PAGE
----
Bioenergy is arguably the most versatile of renewable energy sources. It is the only source that comes in solid, gaseous or liquid form and can provide power and heat as well as transport fuels. Bioenergy, unlike most other renewable energy sources, can be stored relatively easily and can, therefore, provide energy to dispatch as needed.
Biomass is a major indirect source of solar energy, with wood being the major source thereof globally, making up an estimated 87% thereof. The bulk of the world’s forests are natural forest, with reported natural forest area amounting to 93% of global forest area, or 3.7 billion ha, in 2015. In 2011 the annual wood removals amounted to 3.0 billion m3 globally, of which half were for woodfuel. There was a net loss of some 129 million ha of forest between 1990 and 2015, roughly the size of South Africa, representing an annual net loss rate of 0.13% [FAO, 2015a].
With this said, it is rather difficult to measure bio-energy as a whole, especially distributed uses for cooking and heating. Cumulative worldwide installed capacity at the end of 2016 was around 90GW and is anticipated to reach 130GW by the end of 2025. After showing a consistent growth rate for a decade of an average of 11% per annum some slow-down is taking place.
South Africa’s biomass industry has predominantly been dominated by the need to re-use waste in plants from the sugar and pulp industries. Recently a small number of biomass projects had been approved to produce power to the grid or biogas. Most of the biomass production is currently located in the north-eastern and eastern parts of the country. The main primary processing energy carriers in South Africa consist of wood residues from the forestry industry, maize residues from the agricultural industry, cane residues from the sugar industry, and manure and litter.
To replace coal consumption substantially, mainly maize residues and sugar cane residues are of interest. An estimated 32 million ton of coal per annum can be replaced by biomass or 16% of the current internal use. Additional interesting feedstock streams (<1 million ton/a) include black liquor from the paper and pulp industry, slaughterhouse waste, alien vegetation and residues from other agricultural products that are produced on smaller scale than maize, such as soybean, wheat and grain sorghum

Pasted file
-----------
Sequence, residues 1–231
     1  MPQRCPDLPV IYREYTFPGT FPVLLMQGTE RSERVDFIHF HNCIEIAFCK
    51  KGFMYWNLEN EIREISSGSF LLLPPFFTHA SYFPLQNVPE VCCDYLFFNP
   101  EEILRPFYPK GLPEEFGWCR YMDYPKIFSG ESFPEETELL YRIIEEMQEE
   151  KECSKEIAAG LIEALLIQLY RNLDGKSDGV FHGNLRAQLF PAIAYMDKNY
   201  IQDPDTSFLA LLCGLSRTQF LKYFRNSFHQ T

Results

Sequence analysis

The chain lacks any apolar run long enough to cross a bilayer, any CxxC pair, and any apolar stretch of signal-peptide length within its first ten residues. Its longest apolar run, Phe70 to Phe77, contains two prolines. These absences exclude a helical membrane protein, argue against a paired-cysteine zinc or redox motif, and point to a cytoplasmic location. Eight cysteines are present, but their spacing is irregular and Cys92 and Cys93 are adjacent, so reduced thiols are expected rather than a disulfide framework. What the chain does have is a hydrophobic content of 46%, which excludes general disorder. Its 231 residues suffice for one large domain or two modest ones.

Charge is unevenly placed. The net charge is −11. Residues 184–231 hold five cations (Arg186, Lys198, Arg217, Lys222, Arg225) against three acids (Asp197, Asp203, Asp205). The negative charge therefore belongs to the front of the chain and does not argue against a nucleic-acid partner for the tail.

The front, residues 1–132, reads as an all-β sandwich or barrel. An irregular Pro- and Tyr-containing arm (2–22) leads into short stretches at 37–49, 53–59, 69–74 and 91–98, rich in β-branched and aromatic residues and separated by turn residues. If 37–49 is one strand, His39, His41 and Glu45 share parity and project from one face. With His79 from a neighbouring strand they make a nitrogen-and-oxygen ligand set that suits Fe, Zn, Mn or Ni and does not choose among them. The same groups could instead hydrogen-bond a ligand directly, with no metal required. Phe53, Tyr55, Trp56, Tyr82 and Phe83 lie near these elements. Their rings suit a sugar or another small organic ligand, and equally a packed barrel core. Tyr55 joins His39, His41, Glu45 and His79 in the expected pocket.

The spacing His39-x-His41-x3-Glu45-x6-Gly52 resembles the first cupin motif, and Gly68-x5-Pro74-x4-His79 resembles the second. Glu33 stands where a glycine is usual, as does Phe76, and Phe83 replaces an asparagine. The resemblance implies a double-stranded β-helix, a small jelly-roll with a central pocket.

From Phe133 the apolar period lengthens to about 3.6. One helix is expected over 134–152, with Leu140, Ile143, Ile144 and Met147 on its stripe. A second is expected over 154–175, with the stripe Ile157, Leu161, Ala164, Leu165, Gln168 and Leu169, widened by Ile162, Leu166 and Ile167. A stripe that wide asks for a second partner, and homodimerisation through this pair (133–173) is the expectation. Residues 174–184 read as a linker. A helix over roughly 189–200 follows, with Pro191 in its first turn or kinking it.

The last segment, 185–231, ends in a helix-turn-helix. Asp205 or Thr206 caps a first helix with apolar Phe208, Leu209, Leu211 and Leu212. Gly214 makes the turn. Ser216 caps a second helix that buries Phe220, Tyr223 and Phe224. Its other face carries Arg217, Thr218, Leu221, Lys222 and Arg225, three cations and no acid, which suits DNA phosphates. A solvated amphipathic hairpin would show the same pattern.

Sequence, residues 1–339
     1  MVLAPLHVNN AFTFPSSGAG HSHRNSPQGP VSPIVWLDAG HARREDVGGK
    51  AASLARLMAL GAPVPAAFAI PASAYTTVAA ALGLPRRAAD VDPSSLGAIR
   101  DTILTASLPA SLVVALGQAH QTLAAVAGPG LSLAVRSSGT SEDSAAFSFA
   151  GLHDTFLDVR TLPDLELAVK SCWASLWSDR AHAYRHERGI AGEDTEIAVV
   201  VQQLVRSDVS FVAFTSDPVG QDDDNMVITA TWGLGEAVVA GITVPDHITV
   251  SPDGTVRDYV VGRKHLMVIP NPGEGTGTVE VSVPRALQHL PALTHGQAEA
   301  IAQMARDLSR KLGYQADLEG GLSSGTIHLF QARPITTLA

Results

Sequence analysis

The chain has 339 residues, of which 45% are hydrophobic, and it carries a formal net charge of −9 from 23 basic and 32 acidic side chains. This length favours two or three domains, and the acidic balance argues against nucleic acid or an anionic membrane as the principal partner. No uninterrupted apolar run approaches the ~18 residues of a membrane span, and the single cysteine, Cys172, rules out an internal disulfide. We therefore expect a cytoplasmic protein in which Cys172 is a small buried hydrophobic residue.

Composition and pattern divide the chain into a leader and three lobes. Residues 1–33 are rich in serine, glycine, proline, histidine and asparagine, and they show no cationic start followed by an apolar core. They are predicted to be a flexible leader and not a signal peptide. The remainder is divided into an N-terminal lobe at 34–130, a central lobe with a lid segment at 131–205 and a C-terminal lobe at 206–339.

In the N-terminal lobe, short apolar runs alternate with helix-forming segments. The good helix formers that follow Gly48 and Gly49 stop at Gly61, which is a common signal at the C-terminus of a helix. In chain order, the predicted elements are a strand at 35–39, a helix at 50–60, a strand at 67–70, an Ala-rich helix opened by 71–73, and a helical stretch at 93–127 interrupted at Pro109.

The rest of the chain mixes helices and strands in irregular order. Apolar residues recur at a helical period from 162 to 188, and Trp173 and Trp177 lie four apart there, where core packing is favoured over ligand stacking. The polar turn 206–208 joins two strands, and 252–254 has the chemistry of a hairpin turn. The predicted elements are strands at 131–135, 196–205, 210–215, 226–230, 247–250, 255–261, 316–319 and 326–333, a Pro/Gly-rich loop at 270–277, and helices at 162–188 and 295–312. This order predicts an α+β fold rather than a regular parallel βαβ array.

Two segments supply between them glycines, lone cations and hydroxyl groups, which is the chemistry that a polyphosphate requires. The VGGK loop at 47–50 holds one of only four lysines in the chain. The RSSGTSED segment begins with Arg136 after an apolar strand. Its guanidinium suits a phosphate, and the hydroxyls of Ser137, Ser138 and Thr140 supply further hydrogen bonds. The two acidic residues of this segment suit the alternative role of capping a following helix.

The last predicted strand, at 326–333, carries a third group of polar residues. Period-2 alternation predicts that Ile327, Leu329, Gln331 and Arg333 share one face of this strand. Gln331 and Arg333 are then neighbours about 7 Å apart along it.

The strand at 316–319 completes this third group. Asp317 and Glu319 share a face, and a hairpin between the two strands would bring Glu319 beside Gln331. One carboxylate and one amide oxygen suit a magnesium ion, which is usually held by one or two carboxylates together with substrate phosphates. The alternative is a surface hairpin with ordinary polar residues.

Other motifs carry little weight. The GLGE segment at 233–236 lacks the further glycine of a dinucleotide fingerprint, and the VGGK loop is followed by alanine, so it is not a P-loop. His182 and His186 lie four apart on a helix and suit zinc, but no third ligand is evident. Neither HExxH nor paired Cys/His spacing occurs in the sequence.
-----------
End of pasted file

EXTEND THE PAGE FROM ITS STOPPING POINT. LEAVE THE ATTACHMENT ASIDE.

Looking into the longer-term future development of the national bioenergy sector, it must be realised that increasing the country’s agricultural and forestry sector substantially is limited by water scarcity. The water situation in neighbouring South African Development Community (SADC) countries is quite different from South Africa. As a result the average forestation cover in SADC is 33%, compared to only 7% in South Africa. Despite this difference about 50% of existing forest plantation area is still in South Africa.
The potential for biomass cost reductions remains highly heterogeneous as a result of different stages of development of various technologies. Cost reduction potentials are relatively small for established technologies; however, the long-term potential for cost reductions for less mature technologies remains good.
Most of the biomass production is currently located in the north-eastern and eastern parts of the country per figure below.
Figure: Biomass potential in South Africa [DME, Eskom, CSIR, 2001]
Food and Agricultural Organisation of the United Nations (2015a) ‘Global forest resource assessment 2015’